Targeting carbapenemases for fighting antibiotic-resistant Gram-negative bacteria

Coordinators : T. Naas, B. Iorga
Starting date: January 2012

Multidrug resistant (MDR) gram-negative pathogens, especially Enterobacteriaceae, are emerging worldwide. The MDR pattern is relatively common with resistance appearing to all major classes of anti-gram-negative agents (e.g. β-lactams, fluoroquinolones, and aminoglycosides), and in some cases, resistance to all available drugs. This is particularly worrisome in view of the current dearth of new compounds active against MDR gram-negatives in the pipeline.

β-Lactams, due to their safety, reliable killing properties and clinical efficacy, are among the most frequently prescribed antibiotics used to treat bacterial infections. However, their utility is being threatened by the worldwide proliferation of β-lactamases (BL) with broad hydrolytic capabilities, especially in MDR gram-negative bacteria. These BLs are divided into 4 classes based on their sequence identities. Currently, BL-mediated resistance does not spare even the newest and most powerfulβ-lactams (i.e. carbapenems), whose activity is challenged by the Metallo BLs (NDM, VIM, IMP) as well as the serine-carbapenemases (KPC, OXA-48). The dissemination of these enzymes amongEnterobacteriaceaeis a matter of concern: these pathogens are a major cause of nosocomial but also community-acquired infections, and carbapenems are key players in the treatment of these infections.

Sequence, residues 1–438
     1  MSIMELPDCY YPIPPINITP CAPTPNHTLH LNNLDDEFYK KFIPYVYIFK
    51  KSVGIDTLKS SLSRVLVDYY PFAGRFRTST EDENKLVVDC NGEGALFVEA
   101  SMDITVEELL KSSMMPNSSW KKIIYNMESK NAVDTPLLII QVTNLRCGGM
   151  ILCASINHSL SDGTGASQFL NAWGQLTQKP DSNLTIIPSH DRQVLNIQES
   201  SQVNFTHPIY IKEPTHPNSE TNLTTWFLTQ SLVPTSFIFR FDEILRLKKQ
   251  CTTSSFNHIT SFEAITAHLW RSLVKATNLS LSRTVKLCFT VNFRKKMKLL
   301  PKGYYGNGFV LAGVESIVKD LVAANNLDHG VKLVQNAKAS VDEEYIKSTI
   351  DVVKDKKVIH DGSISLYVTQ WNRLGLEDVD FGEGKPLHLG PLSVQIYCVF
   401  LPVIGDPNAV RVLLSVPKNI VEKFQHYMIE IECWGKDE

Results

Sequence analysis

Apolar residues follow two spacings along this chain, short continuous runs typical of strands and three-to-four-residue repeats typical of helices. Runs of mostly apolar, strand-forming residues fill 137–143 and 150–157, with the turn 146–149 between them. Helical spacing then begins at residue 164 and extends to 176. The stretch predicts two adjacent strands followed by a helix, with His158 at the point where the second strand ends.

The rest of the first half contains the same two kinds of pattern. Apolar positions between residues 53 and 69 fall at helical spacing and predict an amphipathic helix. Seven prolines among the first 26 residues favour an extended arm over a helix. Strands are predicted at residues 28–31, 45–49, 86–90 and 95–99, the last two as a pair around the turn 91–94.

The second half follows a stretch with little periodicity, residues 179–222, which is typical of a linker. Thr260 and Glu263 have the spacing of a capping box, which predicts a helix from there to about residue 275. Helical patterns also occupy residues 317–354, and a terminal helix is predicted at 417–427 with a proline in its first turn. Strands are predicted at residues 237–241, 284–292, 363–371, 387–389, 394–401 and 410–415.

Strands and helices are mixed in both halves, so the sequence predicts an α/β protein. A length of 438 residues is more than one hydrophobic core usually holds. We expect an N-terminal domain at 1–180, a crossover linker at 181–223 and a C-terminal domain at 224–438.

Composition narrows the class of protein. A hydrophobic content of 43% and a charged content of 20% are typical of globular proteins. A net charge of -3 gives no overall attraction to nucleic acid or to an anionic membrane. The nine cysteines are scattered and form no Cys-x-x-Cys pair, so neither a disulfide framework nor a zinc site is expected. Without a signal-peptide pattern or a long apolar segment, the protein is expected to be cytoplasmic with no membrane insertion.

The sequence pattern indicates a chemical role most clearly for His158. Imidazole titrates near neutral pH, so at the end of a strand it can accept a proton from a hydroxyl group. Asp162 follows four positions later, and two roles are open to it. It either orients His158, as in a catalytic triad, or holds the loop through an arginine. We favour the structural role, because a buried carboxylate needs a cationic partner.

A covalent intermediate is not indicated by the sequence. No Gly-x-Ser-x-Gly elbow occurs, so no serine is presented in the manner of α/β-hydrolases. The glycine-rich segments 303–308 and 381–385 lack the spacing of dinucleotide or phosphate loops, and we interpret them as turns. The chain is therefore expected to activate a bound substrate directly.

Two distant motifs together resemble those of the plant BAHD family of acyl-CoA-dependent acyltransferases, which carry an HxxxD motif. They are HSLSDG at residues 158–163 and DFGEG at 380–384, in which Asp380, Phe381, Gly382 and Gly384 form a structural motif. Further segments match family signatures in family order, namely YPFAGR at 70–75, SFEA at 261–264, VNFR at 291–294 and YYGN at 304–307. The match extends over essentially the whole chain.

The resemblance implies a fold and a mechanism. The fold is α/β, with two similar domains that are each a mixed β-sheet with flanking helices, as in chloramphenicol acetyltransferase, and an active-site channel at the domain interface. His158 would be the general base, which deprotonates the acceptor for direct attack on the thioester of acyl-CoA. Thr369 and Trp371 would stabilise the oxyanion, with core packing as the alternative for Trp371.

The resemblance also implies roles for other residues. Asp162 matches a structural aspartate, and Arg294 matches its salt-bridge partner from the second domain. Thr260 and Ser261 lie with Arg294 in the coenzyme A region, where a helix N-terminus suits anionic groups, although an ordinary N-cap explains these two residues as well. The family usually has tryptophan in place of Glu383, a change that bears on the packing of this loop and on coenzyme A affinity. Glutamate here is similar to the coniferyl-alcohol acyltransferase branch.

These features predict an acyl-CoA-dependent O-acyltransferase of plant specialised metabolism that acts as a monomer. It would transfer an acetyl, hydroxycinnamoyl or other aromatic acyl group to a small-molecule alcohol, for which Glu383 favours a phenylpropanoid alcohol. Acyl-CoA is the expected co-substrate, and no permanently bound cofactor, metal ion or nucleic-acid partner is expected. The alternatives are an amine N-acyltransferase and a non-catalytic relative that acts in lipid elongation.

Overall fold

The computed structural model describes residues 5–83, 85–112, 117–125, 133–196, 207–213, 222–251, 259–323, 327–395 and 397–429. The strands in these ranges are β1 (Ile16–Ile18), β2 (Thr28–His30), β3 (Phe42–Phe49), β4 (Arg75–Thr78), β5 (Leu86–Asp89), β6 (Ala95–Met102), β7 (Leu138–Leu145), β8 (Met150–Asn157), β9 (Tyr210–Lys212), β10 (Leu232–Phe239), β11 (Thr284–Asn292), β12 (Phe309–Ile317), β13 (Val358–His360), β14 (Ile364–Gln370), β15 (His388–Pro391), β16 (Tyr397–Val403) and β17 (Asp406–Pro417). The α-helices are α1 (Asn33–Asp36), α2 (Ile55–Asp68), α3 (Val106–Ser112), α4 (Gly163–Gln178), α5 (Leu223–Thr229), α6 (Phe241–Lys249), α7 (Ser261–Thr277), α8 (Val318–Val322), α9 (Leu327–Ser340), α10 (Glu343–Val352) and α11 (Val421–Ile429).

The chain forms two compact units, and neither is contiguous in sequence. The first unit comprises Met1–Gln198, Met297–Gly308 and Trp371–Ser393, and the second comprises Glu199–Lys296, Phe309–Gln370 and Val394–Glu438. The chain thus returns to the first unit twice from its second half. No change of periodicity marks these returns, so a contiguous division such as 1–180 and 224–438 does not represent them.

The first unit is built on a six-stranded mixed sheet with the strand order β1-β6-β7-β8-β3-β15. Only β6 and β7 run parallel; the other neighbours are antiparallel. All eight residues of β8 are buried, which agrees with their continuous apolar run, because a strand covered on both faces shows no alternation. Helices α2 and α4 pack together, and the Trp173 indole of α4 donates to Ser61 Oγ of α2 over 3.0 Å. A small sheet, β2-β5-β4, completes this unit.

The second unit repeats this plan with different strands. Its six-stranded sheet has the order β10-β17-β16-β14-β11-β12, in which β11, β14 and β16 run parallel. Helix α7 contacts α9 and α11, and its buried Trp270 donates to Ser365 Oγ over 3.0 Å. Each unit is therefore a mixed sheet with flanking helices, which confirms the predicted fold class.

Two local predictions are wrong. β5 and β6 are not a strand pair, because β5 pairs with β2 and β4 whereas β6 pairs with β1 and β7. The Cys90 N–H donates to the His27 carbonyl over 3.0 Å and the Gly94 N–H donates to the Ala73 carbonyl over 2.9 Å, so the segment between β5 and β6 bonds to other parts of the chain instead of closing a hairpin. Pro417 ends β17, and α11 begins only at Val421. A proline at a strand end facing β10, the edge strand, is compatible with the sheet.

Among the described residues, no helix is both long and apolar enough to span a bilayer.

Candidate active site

Carbapenem resistance is increasing worldwide, especially in Klebsiellapneumoniae. In some countries such as Greece, it has already achieved the frightening rate of 45%, or as India massive spread of NDM-producers has been evidenced. In France the rate is still low, but new cases are identified weekly and several hospital outbreaks have been described.

 The development of new antibiotics is of low priority in the pharmaceutical industry and thus relies on academic research to find new targets and invent new antibiotics. Since the discovery of novel antibiotics with novel targets is difficult to foresee, inhibition strategies of carbapenemases may preserve our current armamentarium. Optimal combinations may require a ß-lactam with high stability to many common BLs together with one and possibly two BL inhibitors that can effectively inhibit both serine BLs and Metallo-BLs.

To achieve the overall objective of identifying new generations of BL inhibitors, we have assembled a team comprising expertise in cutting-edge medical microbiology, ß-lactam resistance mechanisms, medicinal chemistry, long-standing experience in β-lactam chemistry, structural biology, modeling and molecular dynamics simulations, high throughput screening, and virtual screening/molecular design.